This opinion will be unpublished and

may not be cited except as provided by

Minn. Stat. § 480A.08, subd. 3 (2004).







State of Minnesota,





Anthony Paul Gideo,



Filed December 20, 2005


Willis, Judge


Olmsted County District Court

File No. K0-04-616



Mike Hatch, Attorney General, 1800 Bremer Tower, 445 Minnesota Street, St. Paul, MN  55101-2134; and


Raymond F. Schmitz, Olmsted County Attorney, James S. Martinson, Assistant County Attorney, Government Center, 151 Fourth Street Southeast, Rochester, MN  55904-3710 (for respondent)


Duane A. Kennedy, 724 First Avenue Southwest, Suite #3, Durst Building, Rochester, MN  55902 (for appellant)


            Considered and decided by Willis, Presiding Judge; Minge, Judge; and Worke, Judge.

U N P U B L I S H E D   O P I N I O N


In this appeal, appellant challenges a pretrial order denying appellant’s motion to suppress evidence.  Because appellant waived his right to appeal this issue when he pleaded guilty, we affirm.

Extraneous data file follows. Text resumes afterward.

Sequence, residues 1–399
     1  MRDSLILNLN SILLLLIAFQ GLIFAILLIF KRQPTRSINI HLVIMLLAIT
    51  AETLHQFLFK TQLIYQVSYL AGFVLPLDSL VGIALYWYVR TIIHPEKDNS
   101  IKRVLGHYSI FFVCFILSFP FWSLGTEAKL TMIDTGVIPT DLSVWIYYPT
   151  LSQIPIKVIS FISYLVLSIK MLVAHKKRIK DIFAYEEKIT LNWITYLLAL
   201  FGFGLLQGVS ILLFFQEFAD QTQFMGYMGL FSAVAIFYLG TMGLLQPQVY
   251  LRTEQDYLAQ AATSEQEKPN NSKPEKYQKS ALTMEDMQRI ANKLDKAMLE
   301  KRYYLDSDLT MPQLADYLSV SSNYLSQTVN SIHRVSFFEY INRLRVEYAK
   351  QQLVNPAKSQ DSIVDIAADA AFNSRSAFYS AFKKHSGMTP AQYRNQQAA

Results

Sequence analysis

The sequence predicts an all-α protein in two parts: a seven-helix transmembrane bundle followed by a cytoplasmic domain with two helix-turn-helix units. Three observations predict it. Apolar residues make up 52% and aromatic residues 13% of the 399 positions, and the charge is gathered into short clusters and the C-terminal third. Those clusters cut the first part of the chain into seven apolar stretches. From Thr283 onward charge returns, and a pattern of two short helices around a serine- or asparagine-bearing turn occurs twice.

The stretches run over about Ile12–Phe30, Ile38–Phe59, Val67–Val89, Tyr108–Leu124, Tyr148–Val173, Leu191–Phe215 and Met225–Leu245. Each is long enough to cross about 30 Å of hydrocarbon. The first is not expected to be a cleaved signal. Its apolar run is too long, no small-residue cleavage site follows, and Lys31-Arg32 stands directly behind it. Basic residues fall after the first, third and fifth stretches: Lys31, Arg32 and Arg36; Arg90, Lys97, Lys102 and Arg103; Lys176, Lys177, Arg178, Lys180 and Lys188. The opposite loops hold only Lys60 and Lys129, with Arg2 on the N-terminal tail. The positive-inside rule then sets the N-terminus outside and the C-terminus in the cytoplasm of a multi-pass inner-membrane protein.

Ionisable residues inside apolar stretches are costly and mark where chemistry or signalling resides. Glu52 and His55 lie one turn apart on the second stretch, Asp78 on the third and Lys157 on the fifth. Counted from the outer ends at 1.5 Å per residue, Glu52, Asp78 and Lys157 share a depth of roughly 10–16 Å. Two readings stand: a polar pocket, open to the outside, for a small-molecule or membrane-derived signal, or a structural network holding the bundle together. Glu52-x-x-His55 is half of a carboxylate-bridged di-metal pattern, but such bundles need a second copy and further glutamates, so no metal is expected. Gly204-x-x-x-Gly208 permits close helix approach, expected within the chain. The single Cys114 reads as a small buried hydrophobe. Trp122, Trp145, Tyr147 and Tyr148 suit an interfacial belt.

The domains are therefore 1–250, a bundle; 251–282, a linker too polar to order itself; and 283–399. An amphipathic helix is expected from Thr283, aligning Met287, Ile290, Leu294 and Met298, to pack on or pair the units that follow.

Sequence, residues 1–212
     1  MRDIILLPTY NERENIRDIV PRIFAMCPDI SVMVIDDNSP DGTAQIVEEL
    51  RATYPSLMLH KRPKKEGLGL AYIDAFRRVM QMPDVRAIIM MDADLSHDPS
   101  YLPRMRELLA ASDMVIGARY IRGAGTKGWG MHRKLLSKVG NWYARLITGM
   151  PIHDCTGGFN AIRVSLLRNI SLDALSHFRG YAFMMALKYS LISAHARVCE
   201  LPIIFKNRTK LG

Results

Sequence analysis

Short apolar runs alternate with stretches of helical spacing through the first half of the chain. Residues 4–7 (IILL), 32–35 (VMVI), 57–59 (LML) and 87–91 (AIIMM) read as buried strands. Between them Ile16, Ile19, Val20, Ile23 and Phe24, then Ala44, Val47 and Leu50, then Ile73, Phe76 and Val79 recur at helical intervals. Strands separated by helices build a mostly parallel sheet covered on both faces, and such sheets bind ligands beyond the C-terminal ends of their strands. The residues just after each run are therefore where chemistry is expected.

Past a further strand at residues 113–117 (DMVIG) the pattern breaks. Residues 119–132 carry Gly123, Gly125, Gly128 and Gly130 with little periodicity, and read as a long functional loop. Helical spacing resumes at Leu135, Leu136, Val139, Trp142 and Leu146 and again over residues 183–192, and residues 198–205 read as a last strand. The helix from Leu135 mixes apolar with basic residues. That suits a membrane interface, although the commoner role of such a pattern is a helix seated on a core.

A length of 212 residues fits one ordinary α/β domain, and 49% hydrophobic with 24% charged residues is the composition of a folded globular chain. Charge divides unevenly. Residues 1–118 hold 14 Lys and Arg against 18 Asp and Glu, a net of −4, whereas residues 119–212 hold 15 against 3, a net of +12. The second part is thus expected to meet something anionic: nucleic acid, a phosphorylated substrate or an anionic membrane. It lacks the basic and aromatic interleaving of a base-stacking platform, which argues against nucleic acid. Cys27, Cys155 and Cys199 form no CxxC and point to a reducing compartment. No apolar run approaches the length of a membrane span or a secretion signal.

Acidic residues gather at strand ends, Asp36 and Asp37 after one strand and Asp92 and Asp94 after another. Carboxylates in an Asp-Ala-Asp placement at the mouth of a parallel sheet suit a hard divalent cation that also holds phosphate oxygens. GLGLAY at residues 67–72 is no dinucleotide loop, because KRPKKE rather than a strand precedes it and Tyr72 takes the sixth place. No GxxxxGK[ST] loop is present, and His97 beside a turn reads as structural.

While conducting surveillance of a movie-theater parking lot, a Rochester police officer observed two males in a parked Chevrolet Monte Carlo.  The officer saw the Monte Carlo’s parking lights flash when another car approached, after which a passenger left the Monte Carlo and entered the second car.  After approximately 30 seconds, that person got out of the second car and re-entered the Monte Carlo.  The second car then left the parking lot.  The officer drove his unmarked squad car to a position behind the Monte Carlo and activated the squad car’s red strobe light.  The Monte Carlo sped away and went through a stop sign.  The Monte Carlo eventually pulled over and stopped, and the officer ordered the occupants out of the car.  The driver identified himself as appellant Anthony Gideo.  The police officer recovered cocaine from Gideo’s car and from Gideo’s pocket.